Major Sandy Moffat, who died on 13 July 2021, was representative of a breed of Scottish lawyer who were effectively ‘twice a citizen’, combining dedication to the high traditions of his profession with long and loyal service in the Territorial Army during the Cold War. Justice was more important than profile to Sandy and that defined the path he chose and earned the respect and admiration of the many who found, in him, their champion.
The University of Edinburgh whetted Sandy’s thirst for the challenging and the obscure; his enthusiasm ranging from tax and company law to the Scottish witchcraft trials. By the age of 24 he was a partner in a well-known Edinburgh law firm but was perhaps always destined to go his own way. In Alexander Moffat & Co, his client base grew as his reputation flourished and, resisting the temptations of expansion, he focused on the needs of others, both large corporations and individuals, loyally serving all as a sole practitioner for 35 years.
As a Writer to Her Majesty’s Signet (WS), Sandy Moffat’s talents were acknowledged by his peers in the Scottish legal profession but it was his earthy personal style and dogged determination that won the hearts of Scottish soldiers; of both the Royal Artillery and other regiments as well as a wide range of clients, reflecting the breadth of his interests at home and abroad. Farming, the import of rum and the boardroom challenges of different Scottish football clubs, were each in turn the focus of his attention.
In the early years of the 21st century, when amalgamation of the already reduced Scottish Infantry Regiments seemed, to many, inevitable, Sandy ploughed a lone furrow, finding himself in a limelight which he never sought. With time and political tide against him, he argued before Scotland’s supreme civil court, the Court of Session on behalf of the trustees of the King’s Own Scottish Borderers (KOSB).The detail matters not, now and the judgment against him is fact. Equally clear is the view within the KOSB that their case was soundly argued by an officer of the Royal Artillery whose name they, in turn, defend to this day.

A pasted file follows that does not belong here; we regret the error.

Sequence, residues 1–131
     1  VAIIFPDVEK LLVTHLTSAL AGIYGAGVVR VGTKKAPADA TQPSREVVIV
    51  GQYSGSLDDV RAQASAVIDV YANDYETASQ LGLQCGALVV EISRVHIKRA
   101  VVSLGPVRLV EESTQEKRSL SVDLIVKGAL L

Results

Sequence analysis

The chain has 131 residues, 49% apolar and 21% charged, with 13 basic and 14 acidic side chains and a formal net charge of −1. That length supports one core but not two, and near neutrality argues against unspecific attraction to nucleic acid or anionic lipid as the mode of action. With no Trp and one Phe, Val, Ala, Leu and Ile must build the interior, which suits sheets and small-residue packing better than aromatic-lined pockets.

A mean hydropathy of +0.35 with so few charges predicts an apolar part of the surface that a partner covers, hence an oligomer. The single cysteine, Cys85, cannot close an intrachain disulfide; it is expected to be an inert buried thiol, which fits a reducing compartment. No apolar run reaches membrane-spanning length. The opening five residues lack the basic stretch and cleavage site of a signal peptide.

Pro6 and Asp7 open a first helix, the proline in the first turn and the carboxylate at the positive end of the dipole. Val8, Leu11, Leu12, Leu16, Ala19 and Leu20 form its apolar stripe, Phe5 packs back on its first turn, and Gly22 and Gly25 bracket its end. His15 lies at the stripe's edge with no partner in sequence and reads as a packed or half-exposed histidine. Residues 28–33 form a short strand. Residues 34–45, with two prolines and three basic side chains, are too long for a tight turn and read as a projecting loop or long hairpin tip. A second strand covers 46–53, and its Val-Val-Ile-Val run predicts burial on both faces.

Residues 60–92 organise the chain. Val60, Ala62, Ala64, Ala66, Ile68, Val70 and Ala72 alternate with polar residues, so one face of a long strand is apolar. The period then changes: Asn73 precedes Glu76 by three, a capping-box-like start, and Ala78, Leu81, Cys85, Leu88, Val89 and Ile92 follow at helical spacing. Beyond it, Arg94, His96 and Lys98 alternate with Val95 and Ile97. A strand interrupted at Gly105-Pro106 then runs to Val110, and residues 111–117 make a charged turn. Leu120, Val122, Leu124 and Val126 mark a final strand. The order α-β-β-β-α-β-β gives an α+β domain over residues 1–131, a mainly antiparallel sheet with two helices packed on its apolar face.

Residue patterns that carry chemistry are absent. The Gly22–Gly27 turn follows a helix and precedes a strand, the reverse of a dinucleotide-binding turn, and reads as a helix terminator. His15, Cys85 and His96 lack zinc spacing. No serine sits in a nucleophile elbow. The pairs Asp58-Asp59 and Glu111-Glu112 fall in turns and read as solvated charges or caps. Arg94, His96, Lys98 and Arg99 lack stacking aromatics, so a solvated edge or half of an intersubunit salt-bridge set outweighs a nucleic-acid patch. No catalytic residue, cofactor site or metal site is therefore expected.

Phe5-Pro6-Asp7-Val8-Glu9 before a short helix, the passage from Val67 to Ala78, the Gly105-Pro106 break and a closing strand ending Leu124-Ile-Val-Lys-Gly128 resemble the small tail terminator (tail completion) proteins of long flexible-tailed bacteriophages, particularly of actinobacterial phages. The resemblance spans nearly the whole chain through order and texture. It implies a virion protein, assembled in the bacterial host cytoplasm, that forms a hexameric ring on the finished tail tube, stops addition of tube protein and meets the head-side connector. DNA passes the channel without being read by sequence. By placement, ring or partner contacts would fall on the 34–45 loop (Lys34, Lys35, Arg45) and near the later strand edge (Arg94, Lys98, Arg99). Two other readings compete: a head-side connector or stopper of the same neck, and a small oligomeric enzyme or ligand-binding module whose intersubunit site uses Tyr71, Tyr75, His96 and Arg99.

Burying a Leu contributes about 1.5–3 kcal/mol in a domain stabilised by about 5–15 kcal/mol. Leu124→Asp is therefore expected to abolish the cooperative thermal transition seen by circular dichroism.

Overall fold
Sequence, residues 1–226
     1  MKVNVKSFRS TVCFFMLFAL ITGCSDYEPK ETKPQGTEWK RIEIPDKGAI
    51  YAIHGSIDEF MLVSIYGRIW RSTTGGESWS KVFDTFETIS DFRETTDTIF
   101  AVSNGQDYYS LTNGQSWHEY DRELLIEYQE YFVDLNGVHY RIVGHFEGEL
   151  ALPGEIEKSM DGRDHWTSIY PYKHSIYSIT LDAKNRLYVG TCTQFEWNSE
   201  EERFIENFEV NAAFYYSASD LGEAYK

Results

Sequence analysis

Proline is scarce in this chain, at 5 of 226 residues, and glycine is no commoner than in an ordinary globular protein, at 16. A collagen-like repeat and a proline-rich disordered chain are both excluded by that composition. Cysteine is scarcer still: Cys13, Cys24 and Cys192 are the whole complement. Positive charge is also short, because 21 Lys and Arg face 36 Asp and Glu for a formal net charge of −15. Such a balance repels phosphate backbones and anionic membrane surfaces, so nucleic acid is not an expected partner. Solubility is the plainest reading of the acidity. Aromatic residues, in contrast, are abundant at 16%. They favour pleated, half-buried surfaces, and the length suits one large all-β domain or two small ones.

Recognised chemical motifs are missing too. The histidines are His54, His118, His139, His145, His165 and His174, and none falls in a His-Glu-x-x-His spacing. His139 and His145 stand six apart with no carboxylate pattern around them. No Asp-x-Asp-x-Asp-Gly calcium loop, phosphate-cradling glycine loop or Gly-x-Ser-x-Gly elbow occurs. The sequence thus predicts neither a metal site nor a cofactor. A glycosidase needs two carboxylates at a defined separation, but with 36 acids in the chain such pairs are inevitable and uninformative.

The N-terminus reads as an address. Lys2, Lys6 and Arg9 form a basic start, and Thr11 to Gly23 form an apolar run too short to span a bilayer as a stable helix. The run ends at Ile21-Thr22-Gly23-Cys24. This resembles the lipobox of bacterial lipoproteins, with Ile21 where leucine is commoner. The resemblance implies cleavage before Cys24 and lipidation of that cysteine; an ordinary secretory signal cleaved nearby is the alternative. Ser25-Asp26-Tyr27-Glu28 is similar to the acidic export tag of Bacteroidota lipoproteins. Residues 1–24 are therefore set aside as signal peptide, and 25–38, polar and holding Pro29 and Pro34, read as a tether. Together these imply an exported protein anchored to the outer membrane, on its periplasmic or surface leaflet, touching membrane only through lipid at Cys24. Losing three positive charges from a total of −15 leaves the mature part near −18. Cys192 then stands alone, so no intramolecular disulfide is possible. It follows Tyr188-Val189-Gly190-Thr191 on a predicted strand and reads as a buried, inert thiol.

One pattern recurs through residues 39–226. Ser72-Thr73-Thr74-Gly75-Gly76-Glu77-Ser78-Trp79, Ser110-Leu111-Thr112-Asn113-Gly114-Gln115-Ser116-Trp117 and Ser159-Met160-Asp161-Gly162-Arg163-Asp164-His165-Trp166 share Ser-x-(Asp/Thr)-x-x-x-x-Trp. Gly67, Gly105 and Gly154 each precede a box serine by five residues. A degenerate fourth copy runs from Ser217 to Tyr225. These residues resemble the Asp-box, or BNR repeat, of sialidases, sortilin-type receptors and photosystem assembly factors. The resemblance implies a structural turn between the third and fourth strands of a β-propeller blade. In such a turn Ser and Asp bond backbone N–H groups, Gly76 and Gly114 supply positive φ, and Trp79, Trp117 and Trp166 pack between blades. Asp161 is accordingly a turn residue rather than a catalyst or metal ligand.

From the many tributes which followed Sandy’s death, these words of Brigadier Allan Alstead Late KOSB bear repetition; “He will be a very sad loss indeed as he worked so tirelessly to save the KOSB. We shall not see his like again.”
In the early 1980s, Sandy Moffat did a fine job as Battery Commander 207 (Scottish) Air Defence Battery Royal Artillery (Volunteers). He maintained his Battery at the required states of training and readiness to reinforce the British Army of the Rhine, while also responsible for the firing of Royal Salutes at Edinburgh Castle and Stirling Castle; all in addition to practising at law. Service was in his blood and time and effort, he never measured.
Sandy Moffat was an unusual man. He was more often in his office than in his home, even as his age advanced over 70. His selfless commitment to justice was clear to all. When the garage behind his office burnt down, amidst speculation that he might have been targeted, he made no public comment; neither did he waver in his loyalty to those he represented. That charred space behind Alva Street in Edinburgh is perhaps, in itself, a monument to Sandy Moffat and I certainly think of him as I walk by.
Major Alexander Douglas Moffat TD WS is survived by his wife, Alison and his sons, Robert, Alexander and John. His daughter, Caroline predeceased him.
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